David Bourget (Western Ontario)
David Chalmers (ANU, NYU)
Rafael De Clercq
Jack Alan Reynolds
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Science and Engineering Ethics 10 (1):81-93 (2004)
The Helsinki Declaration is the ‘gold standard’ — a directive, not a law, on how to conduct controlled studies in humans in conformity with ethical principles. In spite of many discussions about their unsuitability some articles have remained unchanged in the most recent (sixth) revision of the Declaration. The demand to use “the best treatment” excludes use of placebo in the control group and presents an obstacle to the scientific evaluation of a number of drugs and treatments in general. The use of placebo is justified whenever its use does not cause irreversible damage or considerable suffering to the well informed patient. It must be, is, and will be used in the controlled clinical trials of treatments of a great number of diseases especially those which have a tendency to spontaneous improvement, even healing, or have a pronounced psychological component.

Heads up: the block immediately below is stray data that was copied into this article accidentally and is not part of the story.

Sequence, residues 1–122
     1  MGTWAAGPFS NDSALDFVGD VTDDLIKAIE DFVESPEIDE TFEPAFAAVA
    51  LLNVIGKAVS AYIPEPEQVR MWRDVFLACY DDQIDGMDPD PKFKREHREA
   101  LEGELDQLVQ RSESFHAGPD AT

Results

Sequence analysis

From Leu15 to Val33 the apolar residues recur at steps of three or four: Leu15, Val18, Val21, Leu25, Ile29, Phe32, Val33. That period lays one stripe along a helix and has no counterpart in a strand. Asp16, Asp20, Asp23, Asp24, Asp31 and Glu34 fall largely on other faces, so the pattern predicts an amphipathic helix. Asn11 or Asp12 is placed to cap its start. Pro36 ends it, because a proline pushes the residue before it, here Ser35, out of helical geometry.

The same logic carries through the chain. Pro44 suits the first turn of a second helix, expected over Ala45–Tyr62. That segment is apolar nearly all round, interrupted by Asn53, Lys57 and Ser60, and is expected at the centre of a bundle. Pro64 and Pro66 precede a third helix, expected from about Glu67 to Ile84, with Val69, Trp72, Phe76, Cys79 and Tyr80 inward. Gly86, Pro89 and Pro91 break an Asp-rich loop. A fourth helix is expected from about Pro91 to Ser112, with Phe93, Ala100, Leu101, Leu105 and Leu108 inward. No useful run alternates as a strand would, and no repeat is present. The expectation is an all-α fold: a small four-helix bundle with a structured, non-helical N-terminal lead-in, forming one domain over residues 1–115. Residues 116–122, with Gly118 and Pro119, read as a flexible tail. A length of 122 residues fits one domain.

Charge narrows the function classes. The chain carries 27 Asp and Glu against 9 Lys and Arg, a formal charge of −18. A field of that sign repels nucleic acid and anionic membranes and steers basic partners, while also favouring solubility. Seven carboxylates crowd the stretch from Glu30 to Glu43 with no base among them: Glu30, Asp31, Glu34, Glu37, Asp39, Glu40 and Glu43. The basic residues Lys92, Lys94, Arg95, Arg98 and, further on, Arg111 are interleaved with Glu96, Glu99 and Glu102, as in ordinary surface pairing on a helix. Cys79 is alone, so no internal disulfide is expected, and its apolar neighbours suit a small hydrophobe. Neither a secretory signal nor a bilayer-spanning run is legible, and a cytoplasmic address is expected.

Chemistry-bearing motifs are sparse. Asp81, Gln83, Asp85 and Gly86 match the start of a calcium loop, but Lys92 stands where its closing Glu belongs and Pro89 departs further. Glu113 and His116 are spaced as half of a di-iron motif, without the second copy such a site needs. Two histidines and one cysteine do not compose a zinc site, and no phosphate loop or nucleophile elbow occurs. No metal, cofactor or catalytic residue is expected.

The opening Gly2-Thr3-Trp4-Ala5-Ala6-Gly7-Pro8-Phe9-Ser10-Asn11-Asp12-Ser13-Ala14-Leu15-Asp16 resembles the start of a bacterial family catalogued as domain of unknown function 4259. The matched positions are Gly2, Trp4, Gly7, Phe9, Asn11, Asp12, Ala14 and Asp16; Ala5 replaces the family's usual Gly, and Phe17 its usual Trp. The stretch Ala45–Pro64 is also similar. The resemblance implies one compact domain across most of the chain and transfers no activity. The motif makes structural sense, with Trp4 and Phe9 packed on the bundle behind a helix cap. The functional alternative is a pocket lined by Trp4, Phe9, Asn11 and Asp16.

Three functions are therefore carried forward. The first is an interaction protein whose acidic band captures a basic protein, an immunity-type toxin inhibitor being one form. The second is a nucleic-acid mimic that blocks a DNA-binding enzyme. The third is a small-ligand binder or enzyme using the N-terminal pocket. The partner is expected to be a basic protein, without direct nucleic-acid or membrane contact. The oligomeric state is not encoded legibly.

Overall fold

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Raymond E. Spier (2004). Placebo: Its Action and Place in Health Research Today* — Summary and Conclusions. Science and Engineering Ethics 10 (1):189-197.
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